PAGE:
The Coryell Museum and Historical Center was founded in 1980 when the remnants of several local historical associations were combined into one entity. The museum's first home was in an abandoned lumber yard which, with the tireless work of volunteers, was transformed into an attractive collection of local historical artifacts and documents. The museum's primary effort was, and still is, the collection, preservation, and display of items related to the settling and building of Central Texas, from the days of the Republic of Texas to today.
As the museum's collection grew over the years, it became obvious that the old Graham Lumber Yard complex would soon be too small. The museum's board of directors agreed to develop a plan for a new facility. At the same time, a museum consulting firm was retained to produce a long-range plan for the organization. A master plan was produced, and several suggested floor plans and exhibit designs were submitted by the consulting service.
During the period of planning and expansion, the Coryell Museum and Historical Center was chosen by the family of Lloyd and Madge Mitchell as the repository of a very extensive collection of western memorabilia and sports artifacts that had been accumulated by Coach Mitchell over a lifetime of trading and collecting. As acquisition documentation commenced on the collection, it became apparent that the Mitchell Family had given the museum what is now recognized as the largest collection of spurs in the United States, perhaps in the world.
The need for additional exhibit room with improved security became more urgent as the size and scope of the Mitchell Collection unfolded. As the museum board of directors made plans to build a new building, Houston based businessman Wes Gilbreath, who was born and raised in Coryell County, offered to donate a parcel of commercial property he owned in the 800 block of Main Street to the museum. The heart of the property is the Old Powell Hardware Building on the corner of 8th and Main Street. Originally built in 1904, the building had been renovated by Mr. Gilbreath in the early 1980's and was used for a time as a mini-mall that housed small business operations on the ground floor, with a restaurant and private club on the top floor. After a few years the restaurant and businesses closed and Gilbreath turned his entrepreneurial efforts in other directions. Although the property had fallen into disrepair, the museum board recognized the possibilities offered by the buildings, and agreed to accept Mr. Gilbreath's offer. After formally accepting the property, the board members began to seek financial support from the community. The project was given a tremendous boost with the agreement by the Texas Department of Criminal Justice to provide members of the local TDCJ community squads to help with construction and renovation efforts. The many inmates who have worked on the building project over the years has truly made the current facility possible.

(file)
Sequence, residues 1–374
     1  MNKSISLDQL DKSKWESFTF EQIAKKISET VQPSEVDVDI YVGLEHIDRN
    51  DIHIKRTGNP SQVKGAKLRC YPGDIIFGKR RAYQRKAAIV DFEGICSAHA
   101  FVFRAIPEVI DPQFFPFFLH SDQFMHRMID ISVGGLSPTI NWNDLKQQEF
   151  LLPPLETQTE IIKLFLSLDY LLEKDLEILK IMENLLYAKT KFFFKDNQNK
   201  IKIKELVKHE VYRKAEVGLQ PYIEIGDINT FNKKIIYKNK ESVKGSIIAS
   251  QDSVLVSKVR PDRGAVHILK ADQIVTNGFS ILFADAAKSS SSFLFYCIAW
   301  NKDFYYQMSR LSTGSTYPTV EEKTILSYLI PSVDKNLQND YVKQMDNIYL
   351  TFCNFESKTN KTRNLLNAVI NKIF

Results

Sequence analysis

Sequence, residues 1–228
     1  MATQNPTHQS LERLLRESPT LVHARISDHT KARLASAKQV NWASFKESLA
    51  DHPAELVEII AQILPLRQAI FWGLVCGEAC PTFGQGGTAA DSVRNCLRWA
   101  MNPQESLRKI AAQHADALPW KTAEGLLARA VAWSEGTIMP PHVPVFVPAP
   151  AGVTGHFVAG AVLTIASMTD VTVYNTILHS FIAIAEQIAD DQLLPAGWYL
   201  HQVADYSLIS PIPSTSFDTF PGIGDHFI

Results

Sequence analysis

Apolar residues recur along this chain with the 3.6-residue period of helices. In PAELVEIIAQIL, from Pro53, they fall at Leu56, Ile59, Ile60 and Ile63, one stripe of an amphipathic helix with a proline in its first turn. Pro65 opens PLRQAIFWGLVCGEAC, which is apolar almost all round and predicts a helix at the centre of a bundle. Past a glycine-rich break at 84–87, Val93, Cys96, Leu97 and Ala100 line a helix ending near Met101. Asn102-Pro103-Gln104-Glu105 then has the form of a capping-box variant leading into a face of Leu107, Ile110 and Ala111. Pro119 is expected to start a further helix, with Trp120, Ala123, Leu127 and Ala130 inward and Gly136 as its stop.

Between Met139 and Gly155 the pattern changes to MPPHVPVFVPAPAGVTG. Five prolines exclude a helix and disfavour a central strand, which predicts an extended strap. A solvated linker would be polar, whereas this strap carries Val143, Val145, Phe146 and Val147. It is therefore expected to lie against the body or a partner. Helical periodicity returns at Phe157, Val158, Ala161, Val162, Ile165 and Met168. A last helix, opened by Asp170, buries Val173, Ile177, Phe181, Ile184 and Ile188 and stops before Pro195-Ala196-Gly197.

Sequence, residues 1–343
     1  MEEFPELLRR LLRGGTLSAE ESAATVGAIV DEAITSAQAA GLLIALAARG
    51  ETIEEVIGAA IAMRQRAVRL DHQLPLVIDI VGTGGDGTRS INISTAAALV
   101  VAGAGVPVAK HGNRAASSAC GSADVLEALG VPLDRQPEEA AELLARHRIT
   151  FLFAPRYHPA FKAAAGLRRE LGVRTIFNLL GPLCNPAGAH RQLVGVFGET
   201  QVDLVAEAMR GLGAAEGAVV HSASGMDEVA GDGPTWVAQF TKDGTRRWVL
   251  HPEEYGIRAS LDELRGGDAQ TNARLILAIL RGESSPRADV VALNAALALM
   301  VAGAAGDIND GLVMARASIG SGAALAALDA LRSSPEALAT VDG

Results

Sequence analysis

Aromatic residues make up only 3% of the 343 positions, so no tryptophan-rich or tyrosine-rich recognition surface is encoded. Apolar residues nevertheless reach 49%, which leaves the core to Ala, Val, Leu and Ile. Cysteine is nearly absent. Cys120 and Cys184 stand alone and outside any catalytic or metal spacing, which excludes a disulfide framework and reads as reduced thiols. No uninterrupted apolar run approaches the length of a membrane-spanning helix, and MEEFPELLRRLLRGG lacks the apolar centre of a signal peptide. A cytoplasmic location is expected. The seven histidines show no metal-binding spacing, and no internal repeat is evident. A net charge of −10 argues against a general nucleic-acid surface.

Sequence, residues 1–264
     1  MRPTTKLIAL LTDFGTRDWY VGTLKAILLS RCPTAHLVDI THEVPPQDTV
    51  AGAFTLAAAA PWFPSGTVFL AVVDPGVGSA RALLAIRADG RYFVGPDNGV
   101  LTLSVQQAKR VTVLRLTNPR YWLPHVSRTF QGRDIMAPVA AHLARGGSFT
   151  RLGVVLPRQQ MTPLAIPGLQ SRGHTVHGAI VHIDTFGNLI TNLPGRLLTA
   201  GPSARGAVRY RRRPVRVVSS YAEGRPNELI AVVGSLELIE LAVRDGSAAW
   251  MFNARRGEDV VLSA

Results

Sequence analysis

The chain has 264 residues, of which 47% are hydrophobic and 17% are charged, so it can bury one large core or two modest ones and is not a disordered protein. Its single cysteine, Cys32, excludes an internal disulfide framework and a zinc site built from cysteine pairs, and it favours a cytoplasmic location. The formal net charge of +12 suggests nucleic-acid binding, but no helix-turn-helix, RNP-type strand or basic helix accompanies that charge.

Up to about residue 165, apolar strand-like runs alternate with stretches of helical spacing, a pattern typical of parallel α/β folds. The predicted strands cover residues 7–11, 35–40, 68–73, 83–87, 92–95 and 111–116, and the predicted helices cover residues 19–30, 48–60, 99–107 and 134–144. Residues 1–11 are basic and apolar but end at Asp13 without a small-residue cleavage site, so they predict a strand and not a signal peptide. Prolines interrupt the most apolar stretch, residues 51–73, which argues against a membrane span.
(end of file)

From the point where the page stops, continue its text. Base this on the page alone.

Part of the property given by Gilbreath included the Burt Building which adjoins the museum facility. In 1999, the Burt Building was chosen as the centerpiece property for Gatesville's Main Street USA designation. Also, then Texas First Lady Laura Bush, in touring Gatesville, expressed agreement in the choice of the Burt Building as the primary renovation project. The museum also extended its property holdings in the early 1980's by accepting the historic old First Christian Church in the 900 block of East Leon Street from a small group of former church members. Again using construction labor provided by TDCJ inmates and local contractors, the building was brought back to life and is now the scene of several weddings each year. A non-denominational men's Sunday School class also meets regularly in the church building
With strong community support, ambitious publishing programs, and an in-place long range plan, the museum will continue to play an important role in the preservation and exhibit of Central Texas history and culture.